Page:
A burgeoning literary movement is telling the story of the Great Recession through those hurting the most
Bill Maher once suggested that while he didn’t advocate the use of heroin, it certainly didn’t hurt his record collection. The same sentiment applies to American literary fiction in tough economic times. While no one would ever wish for high unemployment or a schizophrenic stock market, it’s always brought out the best in our writers.
Since the beginning of this “Great Recession,” a scattered collection of fresh new voices have emerged — call them the socioeconomic realists. The most prominent might be Bonnie Jo Campbell, whose searing “American Salvage” was a finalist for the both the National Book Award and the National Book Critics Circle Award in 2009. Campbell’s first two books, while equally gritty as hell, never caught on; she didn’t change, the world did. (“American Salvage” was published by a university press; her latest novel, “Once Upon a River,” was published last month by W.W. Norton.)
Today is the publication date for Frank Bill’s “Crimes in Southern Indiana,” a frightening portrait of a long-ignored corner of the American Midwest. It has been called “a blistering, vivid and flat-out fearless debut,” and the quick, violent stories are loaded with meth labs and bitter brawls. Hell, a job in a meth lab is one of the better paying jobs in Bill’s world.
Couple those books with the work of Shann Ray (“American Masculine”), Philipp Meyer (“American Rust”) and Donald Ray Pollock (“The Devil All The Time”) and you see a new genre developing — work set not just in specific regions and parts of the country, but fiction about economic class, based in some of the hardest-hit states and counties in America, in the Southern and Midwest towns where hope is especially hard to find.
“There are plenty of folks here who tell me they’ve never seen any of the kind of people I write about, and all I can say is that they’re not looking,” says Campbell, whose work is set largely in devastated Michigan towns.
Pollock writes about neighboring Ohio, and his debut, “Knockemstiff,” relays the struggles and loneliness of working people as effortlessly as Sherwood Anderson’s “Winesburg, Ohio” (1919) or perhaps William Kennedy’s Pulitzer Prize-winning novel “Ironweed” (1983). Yes, there really is a place called Knockemstiff, Ohio, and Donald Ray Pollock’s own story is so brutally real that it seems near fiction itself.
Having worked as a driver in a paper mill for most of his adult life, Pollock enrolled in the creative writing program at Ohio State University at 50. He might have landed an interview with tastemaker extraordinare Terry Gross on NPR’s “Fresh Air,” but he knows who he is writing for — not the aesthetes, but his fellow mill workers. He says more writers now are “working with an awareness and understanding of the poor and dispossessed that we haven’t seen or been much interested in since the Great Depression of the last century.”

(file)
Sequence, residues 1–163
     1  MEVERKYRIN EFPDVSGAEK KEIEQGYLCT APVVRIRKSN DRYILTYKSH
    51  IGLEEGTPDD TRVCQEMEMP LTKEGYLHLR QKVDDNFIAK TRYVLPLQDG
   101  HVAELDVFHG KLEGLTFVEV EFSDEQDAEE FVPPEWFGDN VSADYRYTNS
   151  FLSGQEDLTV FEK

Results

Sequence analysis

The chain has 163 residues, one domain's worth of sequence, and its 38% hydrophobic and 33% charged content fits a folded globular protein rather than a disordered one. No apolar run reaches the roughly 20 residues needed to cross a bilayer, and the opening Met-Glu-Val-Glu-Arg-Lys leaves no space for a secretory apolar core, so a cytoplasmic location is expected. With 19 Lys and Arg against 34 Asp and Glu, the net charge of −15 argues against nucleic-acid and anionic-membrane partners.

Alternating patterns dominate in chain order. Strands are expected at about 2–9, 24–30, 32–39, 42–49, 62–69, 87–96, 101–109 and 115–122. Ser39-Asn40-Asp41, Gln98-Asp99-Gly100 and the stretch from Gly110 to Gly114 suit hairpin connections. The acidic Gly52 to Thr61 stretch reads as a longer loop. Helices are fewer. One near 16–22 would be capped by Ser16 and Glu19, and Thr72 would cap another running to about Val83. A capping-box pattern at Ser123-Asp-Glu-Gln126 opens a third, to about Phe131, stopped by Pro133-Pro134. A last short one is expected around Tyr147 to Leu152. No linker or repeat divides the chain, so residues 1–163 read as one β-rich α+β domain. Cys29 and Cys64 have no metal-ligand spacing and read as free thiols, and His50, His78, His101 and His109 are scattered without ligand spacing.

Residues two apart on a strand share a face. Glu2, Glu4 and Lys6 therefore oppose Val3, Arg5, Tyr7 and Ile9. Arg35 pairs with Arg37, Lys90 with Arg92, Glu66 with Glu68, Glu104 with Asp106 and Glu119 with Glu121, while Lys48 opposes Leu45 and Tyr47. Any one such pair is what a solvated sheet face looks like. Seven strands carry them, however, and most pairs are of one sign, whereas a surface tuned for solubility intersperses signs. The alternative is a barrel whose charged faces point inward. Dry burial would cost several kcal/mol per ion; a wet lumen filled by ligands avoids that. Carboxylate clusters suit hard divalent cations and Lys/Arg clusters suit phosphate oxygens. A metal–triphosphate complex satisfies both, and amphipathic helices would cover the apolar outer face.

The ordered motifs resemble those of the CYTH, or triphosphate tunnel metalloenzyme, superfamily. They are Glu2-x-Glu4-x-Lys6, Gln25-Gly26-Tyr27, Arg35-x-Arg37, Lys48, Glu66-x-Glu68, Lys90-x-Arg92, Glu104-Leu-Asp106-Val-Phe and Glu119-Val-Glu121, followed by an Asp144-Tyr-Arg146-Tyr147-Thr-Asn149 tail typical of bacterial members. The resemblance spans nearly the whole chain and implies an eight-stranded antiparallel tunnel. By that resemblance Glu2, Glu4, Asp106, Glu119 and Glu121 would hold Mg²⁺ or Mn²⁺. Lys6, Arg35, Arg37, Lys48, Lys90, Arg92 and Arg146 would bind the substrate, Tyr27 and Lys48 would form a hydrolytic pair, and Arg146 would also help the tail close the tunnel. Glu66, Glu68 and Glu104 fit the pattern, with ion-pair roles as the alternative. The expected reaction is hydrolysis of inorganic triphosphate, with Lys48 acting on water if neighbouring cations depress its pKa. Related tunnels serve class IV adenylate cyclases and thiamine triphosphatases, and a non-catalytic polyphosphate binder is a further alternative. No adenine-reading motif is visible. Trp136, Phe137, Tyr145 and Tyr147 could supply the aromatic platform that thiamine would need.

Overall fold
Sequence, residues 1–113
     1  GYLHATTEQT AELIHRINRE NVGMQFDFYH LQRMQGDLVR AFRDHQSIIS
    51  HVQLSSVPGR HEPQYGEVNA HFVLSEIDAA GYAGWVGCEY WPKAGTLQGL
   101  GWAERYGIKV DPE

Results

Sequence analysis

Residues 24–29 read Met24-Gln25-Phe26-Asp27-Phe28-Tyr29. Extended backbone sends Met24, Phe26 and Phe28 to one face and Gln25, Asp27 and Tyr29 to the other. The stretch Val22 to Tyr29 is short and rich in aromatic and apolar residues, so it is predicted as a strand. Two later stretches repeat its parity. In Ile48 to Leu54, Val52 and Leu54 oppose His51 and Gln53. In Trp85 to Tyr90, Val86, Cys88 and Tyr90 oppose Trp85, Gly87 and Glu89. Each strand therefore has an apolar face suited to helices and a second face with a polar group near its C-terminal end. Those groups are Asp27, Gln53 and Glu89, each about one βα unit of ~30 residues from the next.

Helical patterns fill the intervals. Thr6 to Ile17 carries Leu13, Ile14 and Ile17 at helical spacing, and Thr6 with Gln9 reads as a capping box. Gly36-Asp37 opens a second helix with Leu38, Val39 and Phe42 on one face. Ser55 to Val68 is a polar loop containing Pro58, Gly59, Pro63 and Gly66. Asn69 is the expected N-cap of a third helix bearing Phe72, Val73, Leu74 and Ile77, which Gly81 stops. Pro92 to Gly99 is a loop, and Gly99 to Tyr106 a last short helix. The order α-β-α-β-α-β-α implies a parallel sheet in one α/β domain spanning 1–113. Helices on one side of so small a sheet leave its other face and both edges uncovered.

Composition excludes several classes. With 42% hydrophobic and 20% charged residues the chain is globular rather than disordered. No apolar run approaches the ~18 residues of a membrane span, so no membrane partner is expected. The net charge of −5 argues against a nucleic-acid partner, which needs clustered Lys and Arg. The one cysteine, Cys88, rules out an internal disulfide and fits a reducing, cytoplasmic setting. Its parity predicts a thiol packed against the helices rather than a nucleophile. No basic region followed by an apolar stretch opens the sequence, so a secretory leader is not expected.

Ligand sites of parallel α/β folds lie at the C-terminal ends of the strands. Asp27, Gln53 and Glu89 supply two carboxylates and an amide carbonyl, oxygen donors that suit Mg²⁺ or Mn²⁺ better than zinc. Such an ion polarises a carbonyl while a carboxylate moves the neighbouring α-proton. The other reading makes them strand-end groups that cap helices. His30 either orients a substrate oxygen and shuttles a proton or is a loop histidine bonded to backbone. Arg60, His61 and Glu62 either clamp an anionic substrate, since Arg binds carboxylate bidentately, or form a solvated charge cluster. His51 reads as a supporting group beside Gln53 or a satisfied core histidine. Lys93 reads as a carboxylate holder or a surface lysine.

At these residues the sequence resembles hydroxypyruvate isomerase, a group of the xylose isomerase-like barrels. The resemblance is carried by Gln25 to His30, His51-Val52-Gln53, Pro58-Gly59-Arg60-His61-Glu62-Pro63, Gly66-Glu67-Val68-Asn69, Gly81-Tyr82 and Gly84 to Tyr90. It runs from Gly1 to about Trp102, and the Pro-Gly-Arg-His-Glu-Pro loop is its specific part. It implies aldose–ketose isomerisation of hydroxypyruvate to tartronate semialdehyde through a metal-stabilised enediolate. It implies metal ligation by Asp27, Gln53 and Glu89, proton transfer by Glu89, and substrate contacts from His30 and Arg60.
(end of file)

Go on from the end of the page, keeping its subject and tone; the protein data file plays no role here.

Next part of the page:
“You can’t have a small minority of wealthy lording it over a vast majority of poor without something very bad eventually happening.” says Pollock.
One might be hesitant to call these authors patriotic, but with titles like “American Salvage,” “American Rust” and “American Masculine,” it can’t simply be a case of irony working overtime.
Meyer’s “American Rust” dives deep into the Rust Belt realities of working-class Pennsylvania. Echoes of John Steinbeck’s resonate in his prose — Steinbeck’s Depression-era migrants might have led bleaker lives, but the confusion and the uncertainty amongst those who aspire merely to pay the bills and attain a middle-class life can be startlingly similar.
Ray’s “American Masculine,” meanwhile, takes the story West, into the desolate landscape of Montana. The men and women in his stories seem to the bastard children of Jim Harrison and Raymond Carver, fierce but plain-spoken and adrift, fighting to hold addictions, violence and sadness at bay. It’s a book which redefines the myth of the West — Manifest Destiny is a thing of the past, the West now is a trap.
These authors share a visible reverence for an America that no longer exists. In Pollock’s view, American is “a much scarier place to live than it was, say, 30 or 40 years ago.” But that nostalgia should not be confused with the same flag-waving mindlessness that led Ronald Reagan’s 1984 reelection campaign to use Bruce Springsteen’s “Born in the U.S.A.” without ever listening to the lyrics. The characters are rough, the portraits are unflattering, yet readers and critics are connecting with these books in a time when the initial urge might be to escape into some fantasyland of make-believe.
If and when the economy rebounds, will these writers remain critical darlings and culturally relevant? Paraphrasing William Faulkner, Bonnie Jo Campbell says that the only writing that matters is about the human heart in conflict with itself. “And there’s plenty of that around here,” she says.
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